Toyin Falola
University of Texas, Austin 

Toyin Falola, History, University of Texas, Austin

I am the Jacob and Frances Sanger Mossiker Chair in the Humanities and University Distinguished Teaching Professor at the University of Texas at Austin. My primary research interest focuses on African history since the nineteenth century, with a concentration on Nigeria. I have published many books, and won various awards including the Cecil B. Currey Book Award for Economic Reforms and Modernization in Nigeria, a Herskovits finalist citation for my memoir A Mouth Sweeter Than Salt, the Nigerian Studies Association’s Best Book Award for Colonialism and Violence in Nigeria, and a Conover-Porter Finalist Certificate for Key Events in African History: A Reference Guide.

The cumulative contributions of my research and teaching have led to five festschriften in my honor and a bio-critical work. An annual conference is named after me, held in rotation in different African universities. The Association of Third World Studies has named its best book prize after me. I have also received three honorary doctorates and over twenty lifetime career awards.

My devotion to Africa is also about service and opening opportunities for others to engage Africa holistically. As the Series Editor of the Rochester Studies in African History and the Diaspora, Series Editor of the Culture and Customs of Africa by Greenwood Press, Series Editor of Studies on Africa and the Black World by Carolina Academic Press, and Convener of the annual Africa Conference at UT Austin, I have had unique opportunities to generate platforms for dialogue on issues relating to Africa. I am also the Chair for the AHA’s Martin A. Klein Prize in African History, a committee member for the Joel Gregory Prize (Canadian Association of African Studies), the Vice President of the International Scientific Committee, UNESCO Slave Route Project, and a member of the Scholars Council of the Library of Congress.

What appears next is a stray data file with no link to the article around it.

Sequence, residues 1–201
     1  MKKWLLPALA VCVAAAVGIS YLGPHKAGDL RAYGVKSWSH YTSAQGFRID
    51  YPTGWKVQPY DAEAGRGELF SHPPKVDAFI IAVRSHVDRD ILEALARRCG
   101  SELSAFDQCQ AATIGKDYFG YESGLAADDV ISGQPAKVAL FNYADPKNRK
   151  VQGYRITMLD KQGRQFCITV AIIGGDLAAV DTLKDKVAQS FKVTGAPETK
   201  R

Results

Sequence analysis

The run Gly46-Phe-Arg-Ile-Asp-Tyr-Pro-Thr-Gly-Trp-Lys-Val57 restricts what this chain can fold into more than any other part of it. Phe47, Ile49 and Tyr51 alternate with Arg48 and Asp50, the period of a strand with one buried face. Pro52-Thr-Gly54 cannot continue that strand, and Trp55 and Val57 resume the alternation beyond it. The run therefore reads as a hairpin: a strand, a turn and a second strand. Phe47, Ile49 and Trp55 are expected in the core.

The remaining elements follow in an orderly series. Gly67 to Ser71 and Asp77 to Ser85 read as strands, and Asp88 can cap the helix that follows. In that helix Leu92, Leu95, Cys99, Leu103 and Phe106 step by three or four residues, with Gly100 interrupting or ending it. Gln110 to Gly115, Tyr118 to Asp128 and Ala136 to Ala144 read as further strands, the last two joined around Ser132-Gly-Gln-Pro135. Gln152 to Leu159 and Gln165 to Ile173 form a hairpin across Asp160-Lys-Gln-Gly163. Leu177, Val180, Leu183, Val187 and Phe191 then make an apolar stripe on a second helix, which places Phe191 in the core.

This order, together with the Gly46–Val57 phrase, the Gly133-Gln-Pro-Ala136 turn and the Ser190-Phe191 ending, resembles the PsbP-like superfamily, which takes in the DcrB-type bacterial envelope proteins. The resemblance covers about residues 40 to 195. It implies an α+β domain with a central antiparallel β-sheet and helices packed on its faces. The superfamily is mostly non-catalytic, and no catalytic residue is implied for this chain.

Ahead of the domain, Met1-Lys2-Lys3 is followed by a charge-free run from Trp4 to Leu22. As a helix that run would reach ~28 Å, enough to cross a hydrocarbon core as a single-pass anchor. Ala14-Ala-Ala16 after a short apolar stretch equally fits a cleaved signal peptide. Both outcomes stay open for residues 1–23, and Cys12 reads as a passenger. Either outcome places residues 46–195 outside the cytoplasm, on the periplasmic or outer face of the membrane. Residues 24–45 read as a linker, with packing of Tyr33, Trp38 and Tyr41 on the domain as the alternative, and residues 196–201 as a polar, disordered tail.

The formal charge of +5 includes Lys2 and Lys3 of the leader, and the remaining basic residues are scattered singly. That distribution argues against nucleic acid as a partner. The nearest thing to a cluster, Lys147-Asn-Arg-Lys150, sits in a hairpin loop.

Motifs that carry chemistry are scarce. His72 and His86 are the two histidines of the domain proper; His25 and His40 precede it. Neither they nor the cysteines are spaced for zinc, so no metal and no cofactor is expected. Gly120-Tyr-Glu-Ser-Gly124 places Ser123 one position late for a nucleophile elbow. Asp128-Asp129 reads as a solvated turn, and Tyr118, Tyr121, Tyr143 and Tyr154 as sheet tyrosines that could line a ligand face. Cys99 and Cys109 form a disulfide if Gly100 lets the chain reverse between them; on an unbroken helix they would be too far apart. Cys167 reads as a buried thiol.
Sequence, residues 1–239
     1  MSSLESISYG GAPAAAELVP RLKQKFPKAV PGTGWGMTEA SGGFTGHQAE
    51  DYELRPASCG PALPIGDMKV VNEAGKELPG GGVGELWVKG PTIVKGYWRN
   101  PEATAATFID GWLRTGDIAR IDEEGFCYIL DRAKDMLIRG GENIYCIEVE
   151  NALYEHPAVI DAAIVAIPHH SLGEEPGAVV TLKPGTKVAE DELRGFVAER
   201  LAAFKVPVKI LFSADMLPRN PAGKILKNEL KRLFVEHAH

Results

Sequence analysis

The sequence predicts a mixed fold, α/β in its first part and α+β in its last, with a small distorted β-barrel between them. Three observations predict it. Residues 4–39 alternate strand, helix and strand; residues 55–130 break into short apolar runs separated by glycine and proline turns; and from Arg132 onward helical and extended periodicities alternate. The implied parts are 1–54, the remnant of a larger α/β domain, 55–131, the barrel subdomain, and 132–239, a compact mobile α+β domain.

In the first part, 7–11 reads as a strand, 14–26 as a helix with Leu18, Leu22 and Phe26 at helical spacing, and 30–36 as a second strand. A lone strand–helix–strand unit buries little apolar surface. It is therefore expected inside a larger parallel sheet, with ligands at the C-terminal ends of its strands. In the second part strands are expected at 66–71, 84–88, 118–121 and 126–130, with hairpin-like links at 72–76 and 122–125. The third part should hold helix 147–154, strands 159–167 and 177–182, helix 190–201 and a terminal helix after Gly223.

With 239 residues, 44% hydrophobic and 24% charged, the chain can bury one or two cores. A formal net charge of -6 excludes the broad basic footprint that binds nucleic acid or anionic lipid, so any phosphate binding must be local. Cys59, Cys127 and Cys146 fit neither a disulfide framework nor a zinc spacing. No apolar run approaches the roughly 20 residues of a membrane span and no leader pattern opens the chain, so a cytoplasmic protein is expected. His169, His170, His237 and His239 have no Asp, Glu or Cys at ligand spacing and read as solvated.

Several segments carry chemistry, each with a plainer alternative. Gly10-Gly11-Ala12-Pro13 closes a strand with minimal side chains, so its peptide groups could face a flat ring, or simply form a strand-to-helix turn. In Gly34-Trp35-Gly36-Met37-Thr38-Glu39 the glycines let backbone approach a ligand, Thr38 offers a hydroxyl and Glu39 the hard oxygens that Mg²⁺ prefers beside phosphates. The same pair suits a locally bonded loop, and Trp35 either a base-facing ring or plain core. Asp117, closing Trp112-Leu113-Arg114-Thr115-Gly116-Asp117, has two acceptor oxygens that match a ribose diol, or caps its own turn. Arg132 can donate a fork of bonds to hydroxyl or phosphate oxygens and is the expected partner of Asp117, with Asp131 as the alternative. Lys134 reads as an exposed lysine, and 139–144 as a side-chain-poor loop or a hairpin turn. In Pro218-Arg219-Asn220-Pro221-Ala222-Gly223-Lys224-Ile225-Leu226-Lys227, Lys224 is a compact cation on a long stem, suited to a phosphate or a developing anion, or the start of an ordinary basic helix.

I have been part of the ASA for upwards of three decades. I have served in various capacities: as a member of the Board of Directors; as the Chair of the Programs Committee, and twice as a member of that committee; and as a member and Chair of the Herskovits committee. I have equally been part of the management of various other academic associations since 1981, as a founding member of the Ife Humanities Society, the President of the Nigerian Studies Association, and the General Secretary of the Historical Society of Nigeria.

I will bring these experiences with me if I am elected as the Vice President. The ASA has done an excellent job of improving diversity in its structure; providing recognition for significant scholarship; providing funding, publication opportunities, and conference platforms; and embracing all those who are interested in Africa and Black people around the world. Still, there remains more work to be done! Current economic uncertainties require that we rededicate ourselves to promoting African Studies as a core area of knowledge in the classroom and various outreach activities. I will work to expand the association’s cooperation with organizations within and outside Africa that support Africa-related issues. This will bring in more resources to help our members in research, teaching, and advocacy. Likewise, it is important that we strengthen the links between African and U.S. universities to promote the sharing of research and teaching resources and to help particularly to help young African scholars take advantage of the research and teaching innovations in the United States. I believe I can bridge various divides and foster further cooperation. We must continue to search for and bring in funding opportunities for the ASA for sustainability, especially in these uncertain economic times.